Archives for posts with tag: Jr.

Grade D+

A weak biopic of Tupac Shakur (played by Demetrius Shipp, Jr.).  His childhood, his early foray into rap, his rapid rise in the hip hop world, his friendship and falling out with rapper Biggie Smalls, joining Suge Knight and Death Row Records, his part in the feud between some East Coast rappers and West Coast rappers, his legal troubles, his time in prison, and the shooting that led to his death are all shown in this disaster of a movie.

There were three outstanding things in “All Eyez On Me”: 1) Demetrius Ship, Jr. looks very much like Tupac, and his acting was decent; 2) Dominic L. Santana, who plays Suge, stole the whole movie with his imposing and threatening presence; and 3) some of the musical scenes were very entertaining.   But these three things do not overcome the inadequacies of the director — who I won’t even name because you won’t know who the hell this guy is — and the disastrous editing and the grossly inferior screenwriting.  You’ve been warned.

My most memorable, movie moment of “All Eyez On Me” is the scene when Shipp is in the studio, energetically putting his vocals to the song “California Love,” one of the best rap songs ever made.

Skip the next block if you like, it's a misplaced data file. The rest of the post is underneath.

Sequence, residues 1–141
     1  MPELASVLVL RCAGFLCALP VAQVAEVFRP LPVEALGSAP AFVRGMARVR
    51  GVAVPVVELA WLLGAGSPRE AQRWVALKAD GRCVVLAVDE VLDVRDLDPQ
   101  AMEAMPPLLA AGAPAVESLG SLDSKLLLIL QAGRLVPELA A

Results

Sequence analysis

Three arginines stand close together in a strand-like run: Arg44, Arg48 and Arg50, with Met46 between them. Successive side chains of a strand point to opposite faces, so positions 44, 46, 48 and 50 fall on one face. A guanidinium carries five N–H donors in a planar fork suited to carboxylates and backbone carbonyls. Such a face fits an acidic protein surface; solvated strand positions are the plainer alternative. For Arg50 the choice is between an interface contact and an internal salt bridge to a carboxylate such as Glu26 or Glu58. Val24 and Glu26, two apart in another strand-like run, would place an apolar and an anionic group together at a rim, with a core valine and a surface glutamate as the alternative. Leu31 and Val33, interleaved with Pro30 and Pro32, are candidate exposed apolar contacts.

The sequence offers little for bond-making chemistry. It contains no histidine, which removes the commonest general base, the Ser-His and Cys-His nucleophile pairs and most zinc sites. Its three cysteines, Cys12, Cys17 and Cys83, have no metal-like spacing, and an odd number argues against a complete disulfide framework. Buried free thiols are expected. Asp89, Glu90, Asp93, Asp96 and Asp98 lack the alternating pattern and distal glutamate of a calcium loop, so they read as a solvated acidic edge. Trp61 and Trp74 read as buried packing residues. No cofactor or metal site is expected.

— M

Grade B +

A mega-hit from the early 1980s, “An Officer And A Gentleman” is a story of a young hustler, played by Richard Gere, who enters the U.S. Navy’s Officer Candidate School and gets a lot more than what he bargained for.

Fresh out of college and carrying a ton of emotional baggage, Gere is off to a rough start in OCS with his loner personality, money making schemes, and defiant nature.  Although he cruises easily through the physical parts of his training, there are still many things that can trip him up: a tough, ever vigilant Drill Instructor (played by Louis Gossett, Jr.); a factory worker (played by Debra Winger) who falls in love with Gere; and a fellow candidate –who is carrying his own set of destructive, emotional problems — who befriends Gere.  OCS isn’t just a test to see if Gere has what it takes to be a Naval pilot, it is also a journey to see if he can open himself to accept life’s most precious gift.

My most memorable, movie moment of “An Officer And A Gentleman” is the scene when Gere and Gossett take their differences to the extreme and engage in a brutal, karate fight.

People looking for accurate, basic training of soldiers will find many faults in this movie; but “An Officer And A Gentleman” is not a documentary on the U.S. Navy.  It is a story of romance and emotional growth, and it hits all the right emotions and sentiments for those who love this genre.

— M

 

 

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